Habibie said tonight that he is dispatching his foreign minister, Ali Alatas, to New York to work out details of the peacekeeping operation with U.N. Secretary General Kofi Annan and members of the Security Council.

One key issue will be timing. After Habibie's announcement, Australian Defense Minister John Moore said the force could be deployed "probably on the order of three days to five days." But some analysts expressed worry that Indonesia -- having agreed to accept the troops reluctantly and under pressure -- could drag out negotiations over details.

The size of the force is also at issue. Moore said about 7,000 troops would suffice if the peacekeepers "got total cooperation from the Indonesian army." Without that cooperation, he said, the number would have to be much higher.

Another key issue is the makeup of the force. Australia has offered to lead the contingent and has volunteered to provide 4,500 troops, but Indonesian officials and others have said they would prefer to see a predominantly Asian force. Canada, Britain, New Zealand, Portugal, Malaysia, the Philippines, Thailand and Singapore, in addition to Australia, have said they will contribute troops.

Salim Said, a military analyst who teaches at the Indonesian army staff college in Bandung, about 60 miles southeast of Jakarta, said that the East Timor crisis has fueled strong nationalist and anti-Western sentiment, particularly among those in East Timor opposed to independence, and that Australian troops might be at greater risk from anti-independence militia gangs.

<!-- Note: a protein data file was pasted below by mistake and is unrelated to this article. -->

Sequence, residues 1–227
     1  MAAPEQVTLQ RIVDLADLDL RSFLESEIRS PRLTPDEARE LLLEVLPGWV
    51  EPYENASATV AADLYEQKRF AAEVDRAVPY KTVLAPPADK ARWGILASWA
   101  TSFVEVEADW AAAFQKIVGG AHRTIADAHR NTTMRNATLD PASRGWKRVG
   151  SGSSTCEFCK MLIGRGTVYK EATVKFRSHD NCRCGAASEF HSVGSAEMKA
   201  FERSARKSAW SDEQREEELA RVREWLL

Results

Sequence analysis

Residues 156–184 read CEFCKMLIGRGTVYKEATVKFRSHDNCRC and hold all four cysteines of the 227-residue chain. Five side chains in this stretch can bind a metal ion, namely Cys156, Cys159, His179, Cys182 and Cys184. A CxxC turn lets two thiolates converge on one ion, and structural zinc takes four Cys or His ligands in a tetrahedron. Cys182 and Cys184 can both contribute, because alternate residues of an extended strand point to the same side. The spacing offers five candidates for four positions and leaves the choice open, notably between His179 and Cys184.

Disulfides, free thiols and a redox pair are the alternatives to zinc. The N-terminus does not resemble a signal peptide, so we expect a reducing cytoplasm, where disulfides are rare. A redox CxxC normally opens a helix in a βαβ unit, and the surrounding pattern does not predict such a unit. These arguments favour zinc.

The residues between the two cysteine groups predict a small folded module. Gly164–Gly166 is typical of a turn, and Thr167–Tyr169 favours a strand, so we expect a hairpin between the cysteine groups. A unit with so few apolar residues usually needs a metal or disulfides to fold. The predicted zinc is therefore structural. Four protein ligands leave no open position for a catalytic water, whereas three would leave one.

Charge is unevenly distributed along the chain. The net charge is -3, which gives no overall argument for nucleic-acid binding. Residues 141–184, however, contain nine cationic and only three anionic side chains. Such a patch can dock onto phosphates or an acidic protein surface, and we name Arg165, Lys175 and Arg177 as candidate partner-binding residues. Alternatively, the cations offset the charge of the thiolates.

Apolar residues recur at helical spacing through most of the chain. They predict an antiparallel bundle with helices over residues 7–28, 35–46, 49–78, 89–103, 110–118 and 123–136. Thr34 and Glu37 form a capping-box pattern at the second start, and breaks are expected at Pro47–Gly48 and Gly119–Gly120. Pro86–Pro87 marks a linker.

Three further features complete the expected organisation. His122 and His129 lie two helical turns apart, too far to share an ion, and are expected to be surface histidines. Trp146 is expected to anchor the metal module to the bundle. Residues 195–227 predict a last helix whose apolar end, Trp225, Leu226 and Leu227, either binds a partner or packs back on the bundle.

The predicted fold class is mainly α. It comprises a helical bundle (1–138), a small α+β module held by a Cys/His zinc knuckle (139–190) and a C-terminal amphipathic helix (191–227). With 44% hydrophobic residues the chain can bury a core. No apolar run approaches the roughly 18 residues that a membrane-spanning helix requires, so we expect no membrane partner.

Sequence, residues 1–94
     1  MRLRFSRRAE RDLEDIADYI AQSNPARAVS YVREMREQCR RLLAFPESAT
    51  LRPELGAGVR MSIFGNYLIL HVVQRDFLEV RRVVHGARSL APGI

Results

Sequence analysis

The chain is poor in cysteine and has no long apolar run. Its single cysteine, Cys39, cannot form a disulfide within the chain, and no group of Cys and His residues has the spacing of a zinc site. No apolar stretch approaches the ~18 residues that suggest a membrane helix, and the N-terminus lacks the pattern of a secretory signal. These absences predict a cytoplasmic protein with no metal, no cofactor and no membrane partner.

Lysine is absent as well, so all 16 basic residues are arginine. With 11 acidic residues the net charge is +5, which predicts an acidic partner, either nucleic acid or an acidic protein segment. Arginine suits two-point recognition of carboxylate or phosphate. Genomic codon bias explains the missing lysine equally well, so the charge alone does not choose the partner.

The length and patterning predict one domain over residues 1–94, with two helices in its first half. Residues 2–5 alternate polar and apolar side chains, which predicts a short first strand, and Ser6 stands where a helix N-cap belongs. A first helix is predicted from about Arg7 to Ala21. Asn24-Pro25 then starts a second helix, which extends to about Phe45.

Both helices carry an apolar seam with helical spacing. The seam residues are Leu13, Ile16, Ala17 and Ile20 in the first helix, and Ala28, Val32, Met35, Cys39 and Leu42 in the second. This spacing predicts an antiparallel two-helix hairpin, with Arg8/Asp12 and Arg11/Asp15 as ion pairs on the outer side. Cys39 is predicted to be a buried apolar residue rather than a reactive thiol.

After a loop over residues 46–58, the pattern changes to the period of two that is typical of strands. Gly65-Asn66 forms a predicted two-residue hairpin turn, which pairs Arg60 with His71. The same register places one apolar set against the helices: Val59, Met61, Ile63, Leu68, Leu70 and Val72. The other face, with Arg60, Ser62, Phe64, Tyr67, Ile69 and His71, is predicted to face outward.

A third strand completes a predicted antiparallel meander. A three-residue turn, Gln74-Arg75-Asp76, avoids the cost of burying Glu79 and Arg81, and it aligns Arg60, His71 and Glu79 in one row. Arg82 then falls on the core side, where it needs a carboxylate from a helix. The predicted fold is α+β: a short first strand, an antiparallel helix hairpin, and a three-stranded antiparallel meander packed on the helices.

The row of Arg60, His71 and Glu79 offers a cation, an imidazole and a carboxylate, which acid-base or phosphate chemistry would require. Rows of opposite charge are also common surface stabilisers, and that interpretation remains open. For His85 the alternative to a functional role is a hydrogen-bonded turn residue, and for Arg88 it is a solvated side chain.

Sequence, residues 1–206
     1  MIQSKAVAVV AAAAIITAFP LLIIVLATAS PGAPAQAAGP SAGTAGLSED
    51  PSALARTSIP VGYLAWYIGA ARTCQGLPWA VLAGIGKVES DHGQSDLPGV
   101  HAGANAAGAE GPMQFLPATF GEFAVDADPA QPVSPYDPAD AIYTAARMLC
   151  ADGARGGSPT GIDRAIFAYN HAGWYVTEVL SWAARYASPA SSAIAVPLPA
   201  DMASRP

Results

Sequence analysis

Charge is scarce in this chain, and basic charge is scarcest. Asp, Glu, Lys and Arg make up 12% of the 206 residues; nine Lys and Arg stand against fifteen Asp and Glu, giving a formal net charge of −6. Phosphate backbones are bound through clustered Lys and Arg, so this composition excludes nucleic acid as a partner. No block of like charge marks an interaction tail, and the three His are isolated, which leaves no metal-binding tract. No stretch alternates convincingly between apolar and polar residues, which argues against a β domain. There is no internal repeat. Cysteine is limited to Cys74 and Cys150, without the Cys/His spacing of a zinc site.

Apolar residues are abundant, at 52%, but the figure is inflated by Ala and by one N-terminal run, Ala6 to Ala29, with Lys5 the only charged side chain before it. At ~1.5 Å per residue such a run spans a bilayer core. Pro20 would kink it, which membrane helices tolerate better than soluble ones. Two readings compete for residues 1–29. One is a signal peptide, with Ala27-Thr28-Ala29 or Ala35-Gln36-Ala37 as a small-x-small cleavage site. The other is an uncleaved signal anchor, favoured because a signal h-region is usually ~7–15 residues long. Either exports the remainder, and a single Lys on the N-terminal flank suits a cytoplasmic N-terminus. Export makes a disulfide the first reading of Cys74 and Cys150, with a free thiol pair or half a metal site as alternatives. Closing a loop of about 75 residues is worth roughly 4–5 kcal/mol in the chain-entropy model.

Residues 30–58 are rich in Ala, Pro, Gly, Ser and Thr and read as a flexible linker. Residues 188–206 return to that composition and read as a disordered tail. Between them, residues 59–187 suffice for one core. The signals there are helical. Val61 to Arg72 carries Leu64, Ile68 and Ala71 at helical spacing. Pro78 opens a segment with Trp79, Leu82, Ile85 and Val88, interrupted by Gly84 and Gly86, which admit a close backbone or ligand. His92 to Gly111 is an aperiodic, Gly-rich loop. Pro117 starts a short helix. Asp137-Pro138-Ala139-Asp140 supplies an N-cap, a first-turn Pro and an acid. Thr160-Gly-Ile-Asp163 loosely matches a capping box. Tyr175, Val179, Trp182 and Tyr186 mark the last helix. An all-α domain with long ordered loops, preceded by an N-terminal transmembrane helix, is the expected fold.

"In East Timor, there is already an `anti-white man' sentiment," Said said. "That's why I think it would be dangerous to send Australian troops."

He said the East Timor crisis -- the independence vote followed by an introduction of foreign troops -- is bound to have domestic political repercussions for Habibie. "It's sad," he said. "It's the second sad day since the announcement of the referendum result. First, we know we had been lied to for 24 years" -- a reference to government assurances that the East Timorese wanted to be part of Indonesia -- "and now we have to admit we cannot take care of East Timor."

Others who had been advocating deployment of foreign troops to stop the bloodletting in East Timor praised Habibie's announcement. "I think it's a crucial decision," said Ana Gomes, head of the Portuguese mission here, who has made strong and emotional calls for an armed force to stop the violence in the former Portuguese colony. "It certainly helps the Timorese, and I think it will help Indonesia."

Gomes and others said the crucial factor in changing the minds of Indonesian officials about foreign troops was international pressure. Clinton, for instance, cut U.S. military ties with Indonesia, and the United States and Britain suspended arms sales worth hundreds of millions of dollars. The International Monetary Fund postponed talks on further loan disbursements, effectively suspending aid, and Pope John Paul II weighed in with his moral authority, demanding that Indonesia admit peacekeepers.

But the greatest leverage may have been threats from Annan and U.N. Human Rights Commissioner Mary Robinson, who said that atrocities in East Timor amounted to "crimes against humanity" and that the perpetrators could face criminal prosecution.

Robinson was in Darwin, Australia, today, talking to U.N. staff members and East Timorese who have been evacuated from the territory. She promised to work for an international tribunal to try those in East Timor responsible for the massacres.